Home Economy If government fails to act, we shall protest over cedi depreciation – GHAFET Warns

If government fails to act, we shall protest over cedi depreciation – GHAFET Warns

We call upon the government to prioritize the needs of businesses and take decisive steps to lower the exchange rate

by Vesta Daily
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If government fails to act, we shall protest over cedi depreciation - GHAFET Warns

The Ghana Federation of Traders (GHAFET) has issued a warning, stating that if the government does not act to lower the exchange rate in the next two weeks from GHC 15.50 to GHC 10 per dollar, they will hold a statewide rally.

In a press release dated May 26, 2024, the seven business associations said that the depreciating cedi is damaging merchants’ and companies’ capital.

“We demand that the government give businesses’ needs top priority and act swiftly to reduce the exchange rate, giving faltering businesses a lifeline.” The statement said, “If the government does not act quickly to address the problem in two weeks, we will organize a massive nationwide demonstration.

Even though the government has promised to stabilize the economy and exchange rates, they feel that not enough is being done to address the issue.

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The Abossey Okai Spare Parts Dealers Association, a traders advocacy group in Ghana, the Automobile Dealers Union, the Ghana Union of Textiles and Garments, the Ghana Union of Beauty and Cosmetics, the Ghana Union of Second-Hand Refrigerator Dealers, and the Ghana Union of Second-Hand Clothes are the seven business groups.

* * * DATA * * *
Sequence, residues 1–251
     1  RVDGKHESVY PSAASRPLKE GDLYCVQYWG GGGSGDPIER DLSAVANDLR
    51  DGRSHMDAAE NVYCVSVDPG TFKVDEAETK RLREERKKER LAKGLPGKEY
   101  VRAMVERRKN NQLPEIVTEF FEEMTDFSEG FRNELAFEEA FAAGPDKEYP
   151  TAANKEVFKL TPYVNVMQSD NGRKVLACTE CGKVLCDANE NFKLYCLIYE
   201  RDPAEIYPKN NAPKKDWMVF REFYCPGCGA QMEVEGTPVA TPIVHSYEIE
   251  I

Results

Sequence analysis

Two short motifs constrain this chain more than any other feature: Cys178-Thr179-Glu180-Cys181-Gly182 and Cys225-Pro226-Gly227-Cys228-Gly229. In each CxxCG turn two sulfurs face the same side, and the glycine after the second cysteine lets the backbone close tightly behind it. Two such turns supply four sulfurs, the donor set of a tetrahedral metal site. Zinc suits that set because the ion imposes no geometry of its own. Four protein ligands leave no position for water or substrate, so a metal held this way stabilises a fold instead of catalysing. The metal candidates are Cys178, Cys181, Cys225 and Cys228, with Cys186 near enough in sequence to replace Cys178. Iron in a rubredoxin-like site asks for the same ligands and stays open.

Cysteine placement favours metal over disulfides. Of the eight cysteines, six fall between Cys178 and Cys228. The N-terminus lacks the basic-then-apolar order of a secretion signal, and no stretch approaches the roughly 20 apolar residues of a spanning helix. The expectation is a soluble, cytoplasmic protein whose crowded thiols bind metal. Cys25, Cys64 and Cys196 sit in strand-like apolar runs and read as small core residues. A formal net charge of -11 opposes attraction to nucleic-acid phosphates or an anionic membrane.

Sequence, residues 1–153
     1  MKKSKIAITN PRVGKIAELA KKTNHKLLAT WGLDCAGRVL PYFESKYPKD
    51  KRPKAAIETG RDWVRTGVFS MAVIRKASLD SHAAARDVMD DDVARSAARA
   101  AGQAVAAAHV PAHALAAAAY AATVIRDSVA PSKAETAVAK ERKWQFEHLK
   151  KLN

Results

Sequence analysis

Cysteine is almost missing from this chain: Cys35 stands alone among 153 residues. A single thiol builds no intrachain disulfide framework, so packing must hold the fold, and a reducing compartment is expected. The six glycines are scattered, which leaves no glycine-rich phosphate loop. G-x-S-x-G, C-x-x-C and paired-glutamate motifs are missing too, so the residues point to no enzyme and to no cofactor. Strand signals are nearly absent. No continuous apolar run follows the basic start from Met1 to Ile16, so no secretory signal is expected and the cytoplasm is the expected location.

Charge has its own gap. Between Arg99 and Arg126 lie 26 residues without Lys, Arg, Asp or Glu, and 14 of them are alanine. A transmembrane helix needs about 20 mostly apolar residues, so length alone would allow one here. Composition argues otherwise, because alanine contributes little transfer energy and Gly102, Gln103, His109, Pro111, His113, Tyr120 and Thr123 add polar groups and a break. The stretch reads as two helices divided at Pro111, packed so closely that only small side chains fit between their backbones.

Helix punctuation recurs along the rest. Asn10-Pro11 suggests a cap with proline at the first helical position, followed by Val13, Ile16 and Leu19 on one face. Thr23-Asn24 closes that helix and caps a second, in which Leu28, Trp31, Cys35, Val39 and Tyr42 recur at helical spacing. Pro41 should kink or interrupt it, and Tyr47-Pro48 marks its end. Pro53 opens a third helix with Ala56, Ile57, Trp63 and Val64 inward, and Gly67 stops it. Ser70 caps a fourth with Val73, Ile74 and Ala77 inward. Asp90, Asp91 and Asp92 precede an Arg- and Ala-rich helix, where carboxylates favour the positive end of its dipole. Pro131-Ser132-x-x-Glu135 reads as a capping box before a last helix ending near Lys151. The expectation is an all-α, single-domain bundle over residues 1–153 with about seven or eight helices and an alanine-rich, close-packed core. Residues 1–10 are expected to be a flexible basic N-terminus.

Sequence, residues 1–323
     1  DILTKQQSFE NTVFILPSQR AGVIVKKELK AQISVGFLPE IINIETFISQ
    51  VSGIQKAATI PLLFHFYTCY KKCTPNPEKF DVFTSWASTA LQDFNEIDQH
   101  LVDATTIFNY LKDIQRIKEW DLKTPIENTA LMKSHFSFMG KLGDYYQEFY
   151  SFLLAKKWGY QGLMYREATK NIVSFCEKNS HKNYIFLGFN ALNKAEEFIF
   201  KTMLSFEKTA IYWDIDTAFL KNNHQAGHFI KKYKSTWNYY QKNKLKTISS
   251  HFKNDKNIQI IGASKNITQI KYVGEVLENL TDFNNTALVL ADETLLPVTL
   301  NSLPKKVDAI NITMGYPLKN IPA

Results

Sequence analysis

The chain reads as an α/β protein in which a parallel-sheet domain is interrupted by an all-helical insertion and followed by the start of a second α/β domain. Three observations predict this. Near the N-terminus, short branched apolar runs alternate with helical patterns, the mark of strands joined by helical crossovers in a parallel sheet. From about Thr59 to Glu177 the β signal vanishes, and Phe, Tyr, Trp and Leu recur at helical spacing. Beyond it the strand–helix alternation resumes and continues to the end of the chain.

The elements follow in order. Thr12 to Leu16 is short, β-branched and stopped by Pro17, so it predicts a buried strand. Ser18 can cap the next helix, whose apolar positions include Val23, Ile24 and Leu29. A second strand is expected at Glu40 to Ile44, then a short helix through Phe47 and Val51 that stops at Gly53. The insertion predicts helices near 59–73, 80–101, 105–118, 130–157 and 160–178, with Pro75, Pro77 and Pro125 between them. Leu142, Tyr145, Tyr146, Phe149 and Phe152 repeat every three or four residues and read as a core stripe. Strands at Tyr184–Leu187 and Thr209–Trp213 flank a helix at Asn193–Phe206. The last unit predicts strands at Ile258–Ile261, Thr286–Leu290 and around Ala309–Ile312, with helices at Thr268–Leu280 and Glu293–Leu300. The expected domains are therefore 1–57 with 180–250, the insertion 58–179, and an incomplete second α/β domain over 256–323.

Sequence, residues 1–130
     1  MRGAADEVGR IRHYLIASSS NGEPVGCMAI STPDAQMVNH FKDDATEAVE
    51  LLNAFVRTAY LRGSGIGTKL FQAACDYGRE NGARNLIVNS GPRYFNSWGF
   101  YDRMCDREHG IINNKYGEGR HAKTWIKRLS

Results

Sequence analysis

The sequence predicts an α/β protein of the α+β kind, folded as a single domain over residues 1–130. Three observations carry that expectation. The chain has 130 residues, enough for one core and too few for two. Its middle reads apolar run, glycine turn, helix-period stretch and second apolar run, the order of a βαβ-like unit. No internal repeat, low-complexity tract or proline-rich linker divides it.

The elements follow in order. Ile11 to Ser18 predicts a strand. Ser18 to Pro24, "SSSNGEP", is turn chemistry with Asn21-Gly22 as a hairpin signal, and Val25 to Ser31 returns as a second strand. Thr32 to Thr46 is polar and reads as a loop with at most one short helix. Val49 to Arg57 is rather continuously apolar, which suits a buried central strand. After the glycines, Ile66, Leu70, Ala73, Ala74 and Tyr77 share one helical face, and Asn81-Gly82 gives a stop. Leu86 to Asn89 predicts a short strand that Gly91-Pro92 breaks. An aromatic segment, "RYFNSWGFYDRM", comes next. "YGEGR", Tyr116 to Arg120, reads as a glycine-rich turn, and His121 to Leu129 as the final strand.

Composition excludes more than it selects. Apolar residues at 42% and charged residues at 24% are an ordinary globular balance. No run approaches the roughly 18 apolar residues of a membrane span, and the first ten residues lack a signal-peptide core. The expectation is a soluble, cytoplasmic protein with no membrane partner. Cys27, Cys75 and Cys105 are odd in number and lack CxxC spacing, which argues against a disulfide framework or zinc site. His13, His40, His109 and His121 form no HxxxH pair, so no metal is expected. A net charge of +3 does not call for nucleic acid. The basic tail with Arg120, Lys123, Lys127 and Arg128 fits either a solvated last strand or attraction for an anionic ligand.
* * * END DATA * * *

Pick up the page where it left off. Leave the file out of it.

GHAFET examined how the cedi performed against the dollar under different regimes, pointing out that in 2008, it was worth GHC 1.057, in 2012, it was worth GHC 1.972, and in 2016 it was worth GHC 3.945.

It has increased to GHC 15.17 under the current administration, severely hurting consumers, company owners, and livelihoods.

The cedi was worth GHC 1.057 to the US dollar in 2008. GHC was recorded at 1.972 to the dollar in 2012 and 3.945 to the dollar in 2016. Under this present regime, the rate has increased dramatically from GHC 3.945 to GHC 15.17, which is disgusting to all business owners, and customers, and generally affects livelihood, according to the statement.
If the government does not take immediate action to stop the devaluation of the cedi within the next two weeks, the Ghana Federation of Traders has called on all business owners, associations, trade unions, and impacted Ghanaians to join them in protesting against the government.

In comparison to the US dollar, the Ghanaian currency depreciated by 22.73% by April 2023, and as of the first four months of 2024, it has lost almost 10% of its value.

In an attempt to stabilize the cedi, the Bank of Ghana will auction $120 million to BDCs in the second quarter of 2024; but, the need for dollars by businesses could make this endeavour more difficult.

Even with a policy rate of 29% and average lending rates above 32%, concerns about currency volatility persist.

Governor Dr. Ernest Addison, however, has voiced hope, pointing to robust reserves from increased remittance inflows as a safety net for the stability of the Cedi in the upcoming months.

Vesta Daily
Author: Vesta Daily

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